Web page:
The Istanbul Convention: A Chronicle of the Feminist Struggle


Since the 1970s, feminists around the world have been struggling to put male violence against women at the forefront of political agendas. These early efforts didn’t only increase our awareness and equip us with notions we continue to use today, but also paved the way for critical transformations and mechanisms in addressing male violence against women. By setting up safe houses and solidarity centres for abused women, feminist methods proved effective in fending off male violence and helping women start new lives. Such feminist struggles and notions combined, have provided systems for identifying violence and have further sought to eliminate gender inequality – a root cause of male violence.

Along with introducing the most encompassing definition on the prevention of male violence against women, the Istanbul Convention became the first legally binding instrument on this matter. Turkey’s acquaintance with the Istanbul Convention started after a femicide case was brought before the European Court of Human Rights (ECHR). In this case, the state failed to protect the applicant Nahide Opuz, who was subjected to years of prolonged violence at the hands of her husband. The insensitivity displayed by both the police and the judiciary to repeated death threats from the husband towards Opuz and her mother had eventually resulted in a lethal armed attack, leaving Opuz’s mother dead. In the case of Opuz v. Turkey, for the first time, the Court found that a government denied a woman the right of life by failing to prevent male violence against women. This judgment was also a ground-breaking one since it elaborated the nature of state obligations with respect to the prevention of violence against women and measure to protect women against violence. When the Istanbul Convention was introduced for signature in Istanbul in 2011, Turkey became the first signatory and the first country to ratify the Convention. The Justice and Development Party (AKP) government repeatedly benefitted from the Convention, using it to burnish its international prestige and never shied away from presenting it as yet more evidence of its determination to tackle violence against women. The Convention also served as a benchmark for Law No. 6284, which was adopted in 2012. Law No. 6284, or the Law on the Protection of Family and Prevention of Violence Against Women in its full name, aims to protect women, children, family members and victims of stalking who have been subjected to violence or are at risk of violence. The law also seeks to regulate procedures and principles regarding preventive measures on violence against these individuals. As its title clearly indicates, rather than putting an emphasis on gender inequality, the law seeks to protect the family. Yet, despite its pitfalls, the law still provides for much needed support and mechanisms facilitating women escaping the violence trap and continues to play a vital role for many women.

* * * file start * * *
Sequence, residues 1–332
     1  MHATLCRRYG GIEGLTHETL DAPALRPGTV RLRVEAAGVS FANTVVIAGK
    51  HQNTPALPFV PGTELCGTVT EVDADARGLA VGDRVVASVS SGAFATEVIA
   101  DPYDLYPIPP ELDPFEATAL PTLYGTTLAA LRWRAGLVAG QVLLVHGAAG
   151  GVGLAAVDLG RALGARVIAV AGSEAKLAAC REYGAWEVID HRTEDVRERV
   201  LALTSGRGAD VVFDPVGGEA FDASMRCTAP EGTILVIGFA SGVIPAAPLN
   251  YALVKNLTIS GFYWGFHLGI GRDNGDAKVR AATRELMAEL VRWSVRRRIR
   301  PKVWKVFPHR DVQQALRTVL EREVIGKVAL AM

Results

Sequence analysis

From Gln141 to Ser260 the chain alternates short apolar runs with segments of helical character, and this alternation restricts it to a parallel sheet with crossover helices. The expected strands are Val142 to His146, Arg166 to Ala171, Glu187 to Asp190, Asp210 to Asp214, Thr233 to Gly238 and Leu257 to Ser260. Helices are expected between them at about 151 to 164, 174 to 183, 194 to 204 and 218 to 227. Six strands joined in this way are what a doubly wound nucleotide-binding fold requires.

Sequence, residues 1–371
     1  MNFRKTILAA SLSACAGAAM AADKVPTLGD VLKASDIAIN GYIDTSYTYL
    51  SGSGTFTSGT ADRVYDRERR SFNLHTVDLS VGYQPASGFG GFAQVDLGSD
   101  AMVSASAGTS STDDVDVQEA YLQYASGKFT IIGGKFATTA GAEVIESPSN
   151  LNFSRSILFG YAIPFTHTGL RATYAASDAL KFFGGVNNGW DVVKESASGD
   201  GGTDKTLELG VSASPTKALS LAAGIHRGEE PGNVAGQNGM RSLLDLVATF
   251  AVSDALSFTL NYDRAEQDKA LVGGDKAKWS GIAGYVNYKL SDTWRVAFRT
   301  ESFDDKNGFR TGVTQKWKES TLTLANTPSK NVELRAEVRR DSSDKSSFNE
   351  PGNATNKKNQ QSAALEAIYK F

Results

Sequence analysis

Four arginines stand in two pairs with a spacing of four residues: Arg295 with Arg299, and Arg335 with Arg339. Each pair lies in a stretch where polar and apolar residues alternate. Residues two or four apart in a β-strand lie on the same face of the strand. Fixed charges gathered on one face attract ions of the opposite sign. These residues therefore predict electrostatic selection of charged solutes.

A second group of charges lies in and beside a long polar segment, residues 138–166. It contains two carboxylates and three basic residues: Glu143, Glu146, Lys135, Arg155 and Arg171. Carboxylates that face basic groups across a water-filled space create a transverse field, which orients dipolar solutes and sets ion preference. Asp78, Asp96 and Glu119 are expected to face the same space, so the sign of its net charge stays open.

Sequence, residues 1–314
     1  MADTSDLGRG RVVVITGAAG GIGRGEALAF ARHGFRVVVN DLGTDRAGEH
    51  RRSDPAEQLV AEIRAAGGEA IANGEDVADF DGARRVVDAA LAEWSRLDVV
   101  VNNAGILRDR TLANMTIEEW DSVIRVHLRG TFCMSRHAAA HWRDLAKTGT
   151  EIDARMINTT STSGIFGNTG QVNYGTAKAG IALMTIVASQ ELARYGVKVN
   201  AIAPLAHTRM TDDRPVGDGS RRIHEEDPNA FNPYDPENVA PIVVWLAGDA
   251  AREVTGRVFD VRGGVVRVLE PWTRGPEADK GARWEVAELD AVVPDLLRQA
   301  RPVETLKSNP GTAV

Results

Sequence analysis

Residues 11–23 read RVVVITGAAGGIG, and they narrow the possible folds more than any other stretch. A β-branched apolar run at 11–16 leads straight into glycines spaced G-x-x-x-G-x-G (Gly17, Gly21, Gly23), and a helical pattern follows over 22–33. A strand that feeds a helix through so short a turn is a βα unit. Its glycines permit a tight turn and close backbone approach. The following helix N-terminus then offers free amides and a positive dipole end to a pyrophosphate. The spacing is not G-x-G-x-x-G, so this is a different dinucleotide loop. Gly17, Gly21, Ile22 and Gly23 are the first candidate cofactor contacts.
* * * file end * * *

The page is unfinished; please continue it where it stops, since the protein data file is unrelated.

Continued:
While treaties and laws are primarily legal texts binding states, they aren’t isolated from social struggles. The Istanbul Convention is one of these legal texts imbued with experiences gained from women’s decades-long struggle against male violence across the world as well as in Turkey. Legal battles over such rights have consistently been a critical component of women’s fight against male violence in Turkey. Similarly, keeping a close watch on the rights acquired over time has also been an essential element of these struggles. In the case of the Istanbul Convention, unlike other countries, feminists in Turkey didn’t feel the need to resort to campaigning, as other dynamics such as Turkey-EU relations had been serving as the driving force for ratification. The battle fought by women’s associations in Turkey was, however, an entirely different one: Campaigning for the implementation of the Convention against a self-boasting state. It has always been an uphill battle since putting up a fight against the significant gap between the treaties and legal frameworks and their implementation in Turkey also means a fight for the truth. Thus, one of the critical tasks before the civil society is extensive monitoring and reporting in order to expose how access to pledged rights still largely remains an illusion.